“I am where I am because I believe in all possibilities.” – Whoopi Goldberg
When you assemble a group of committed parents, other family members, and professionals in one room for three days, everything truly does seem possible. I have just returned from a Symposium hosted by the National Family Association for the Deaf-Blind (NFADB) at St. Edward’s University in Austin, Texas. The theme was Mobilizing a Family Leadership Network: Improving Outcomes in Education and Services for Individuals who are Deaf-Blind and it provided three days that were filled with learning activities, networking opportunities, inspiring activities of leadership and advocacy, and lots of fun.
NFADB, a nonprofit 501(c) 3 organization that has served families of individuals who are deaf-blind since 1994, had its first Symposium in 2012. Our dream was to hold a subsequent symposium two years later. Realistically, however, it took four years, but was well worth the wait! To see collaboration in action after four years of discussing national collaborative efforts was an amazing experience and made me feel proud of this low-incidence disability community that I am so fortunate to be part of.
The Symposium was planned and conducted by NFADB’s totally volunteer board, which has 11 members (most are family members of individuals who are deaf-blind) and 6 special advisors. It would not have been possible, however, without the additional support of family leaders from around the country and professional partners that strongly support NFADB and its mission. Sponsors and supporters included the National Center on Deaf-Blindness (NCDB); the Texas Deafblind Project, which is a part of the Texas School for the Blind and Visually Impaired (TSBVI); Perkins; Helen Keller National Center; Ace Charitable Foundation; and the O’Donnell Family.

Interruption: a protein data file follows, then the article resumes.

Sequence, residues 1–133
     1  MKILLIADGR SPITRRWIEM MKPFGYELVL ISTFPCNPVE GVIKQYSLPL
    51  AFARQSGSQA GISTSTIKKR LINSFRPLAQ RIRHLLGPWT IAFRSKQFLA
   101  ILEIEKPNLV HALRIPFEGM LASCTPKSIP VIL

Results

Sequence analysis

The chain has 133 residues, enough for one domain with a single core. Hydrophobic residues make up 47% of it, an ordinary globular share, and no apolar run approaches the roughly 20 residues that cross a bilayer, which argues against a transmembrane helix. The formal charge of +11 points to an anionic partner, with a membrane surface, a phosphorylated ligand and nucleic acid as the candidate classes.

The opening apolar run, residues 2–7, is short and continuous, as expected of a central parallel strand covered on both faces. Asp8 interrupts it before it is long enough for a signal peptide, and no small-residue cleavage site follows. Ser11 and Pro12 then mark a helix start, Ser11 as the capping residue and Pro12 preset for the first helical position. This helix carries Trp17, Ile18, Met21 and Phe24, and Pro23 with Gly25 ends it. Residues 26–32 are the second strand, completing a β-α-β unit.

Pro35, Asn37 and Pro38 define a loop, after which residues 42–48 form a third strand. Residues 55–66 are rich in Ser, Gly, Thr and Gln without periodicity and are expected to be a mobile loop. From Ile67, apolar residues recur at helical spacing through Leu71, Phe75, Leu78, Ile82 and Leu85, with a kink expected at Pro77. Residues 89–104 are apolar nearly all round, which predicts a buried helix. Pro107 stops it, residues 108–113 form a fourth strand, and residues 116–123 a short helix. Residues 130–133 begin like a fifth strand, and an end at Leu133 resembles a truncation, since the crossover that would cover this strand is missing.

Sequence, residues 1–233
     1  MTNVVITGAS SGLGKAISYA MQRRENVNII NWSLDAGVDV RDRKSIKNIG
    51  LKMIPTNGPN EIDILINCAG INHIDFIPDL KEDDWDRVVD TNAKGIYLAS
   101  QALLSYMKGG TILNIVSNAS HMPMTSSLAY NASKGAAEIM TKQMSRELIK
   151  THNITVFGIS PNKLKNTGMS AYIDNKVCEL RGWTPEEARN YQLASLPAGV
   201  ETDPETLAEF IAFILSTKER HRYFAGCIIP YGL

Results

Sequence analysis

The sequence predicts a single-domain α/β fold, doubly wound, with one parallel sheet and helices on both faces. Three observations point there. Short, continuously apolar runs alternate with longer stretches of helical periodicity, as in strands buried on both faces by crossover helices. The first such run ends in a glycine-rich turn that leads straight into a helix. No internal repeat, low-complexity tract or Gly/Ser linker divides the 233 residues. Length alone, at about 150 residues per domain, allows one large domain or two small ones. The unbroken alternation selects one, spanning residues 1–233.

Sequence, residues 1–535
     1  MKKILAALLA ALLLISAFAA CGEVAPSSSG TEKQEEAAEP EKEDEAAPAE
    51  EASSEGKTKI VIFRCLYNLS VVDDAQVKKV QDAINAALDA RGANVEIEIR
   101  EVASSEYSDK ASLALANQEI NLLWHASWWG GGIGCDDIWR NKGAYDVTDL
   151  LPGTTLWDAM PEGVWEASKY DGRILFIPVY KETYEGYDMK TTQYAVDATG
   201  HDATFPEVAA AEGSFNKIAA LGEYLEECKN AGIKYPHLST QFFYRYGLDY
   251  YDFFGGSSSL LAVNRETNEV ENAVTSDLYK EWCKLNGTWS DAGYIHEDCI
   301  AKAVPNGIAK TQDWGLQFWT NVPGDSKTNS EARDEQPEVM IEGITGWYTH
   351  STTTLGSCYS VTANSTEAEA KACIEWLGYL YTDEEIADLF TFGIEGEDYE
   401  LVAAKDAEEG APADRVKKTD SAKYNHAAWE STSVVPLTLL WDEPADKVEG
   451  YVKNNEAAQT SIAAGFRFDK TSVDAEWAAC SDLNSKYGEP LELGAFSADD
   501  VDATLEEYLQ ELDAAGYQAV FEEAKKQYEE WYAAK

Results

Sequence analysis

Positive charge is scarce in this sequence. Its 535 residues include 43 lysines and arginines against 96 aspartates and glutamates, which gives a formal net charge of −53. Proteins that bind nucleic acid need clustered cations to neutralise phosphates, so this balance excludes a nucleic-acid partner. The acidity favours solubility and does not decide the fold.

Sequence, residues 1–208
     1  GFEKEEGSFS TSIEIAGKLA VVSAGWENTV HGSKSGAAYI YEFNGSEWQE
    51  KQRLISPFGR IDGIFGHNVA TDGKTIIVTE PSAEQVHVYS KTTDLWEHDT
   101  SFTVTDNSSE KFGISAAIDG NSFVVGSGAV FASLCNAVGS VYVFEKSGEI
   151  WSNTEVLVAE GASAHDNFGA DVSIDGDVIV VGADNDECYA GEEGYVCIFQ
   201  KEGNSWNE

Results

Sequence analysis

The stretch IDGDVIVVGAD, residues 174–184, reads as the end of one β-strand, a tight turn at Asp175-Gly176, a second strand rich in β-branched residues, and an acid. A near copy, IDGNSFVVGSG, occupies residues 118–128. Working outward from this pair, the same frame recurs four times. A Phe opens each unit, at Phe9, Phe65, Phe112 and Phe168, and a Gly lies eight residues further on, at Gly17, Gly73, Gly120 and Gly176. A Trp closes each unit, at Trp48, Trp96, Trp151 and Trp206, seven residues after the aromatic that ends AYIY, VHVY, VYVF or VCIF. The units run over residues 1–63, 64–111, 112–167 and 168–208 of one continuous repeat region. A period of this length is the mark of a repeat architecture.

The Symposium began with two Keynote Speakers, Eduardo Madera and George Stern, inspiring young adults who are members of DeafBlind Citizens in Action (DBCA). Their self-determination and positive outlook on life led me, as a parent, to begin the conference reflecting on abilities rather than disabilities and to the realization, in that very moment, that we are all unique and yet all united regardless of our method of communication or mobility. The Symposium opening also featured an emotionally moving song, “Exploring my World,” written and performed by Crystal and Danielle Morales, two additional members of DBCA.
Other presentations on the first day focused on strategies and resources that participants can use on behalf of their own family members and to support other families. The topics included creating and sustaining effective partnerships, strategies for collaborative decision-making, and tips for finding high-quality, trustworthy information online. During the last two hours of the day, participants had an opportunity to join facilitated topical networking tables. We could each choose two topics out of ten: Adult Services, College, Creating Local Parent/Family Networks, IEPs, Jobs, Medical Issues, Siblings, Social/Friendships, Technology, and Transition. Can you only imagine choosing only two of these topics? I am always in awe of what I as a parent still have to learn, and know I could have learned from each and every one.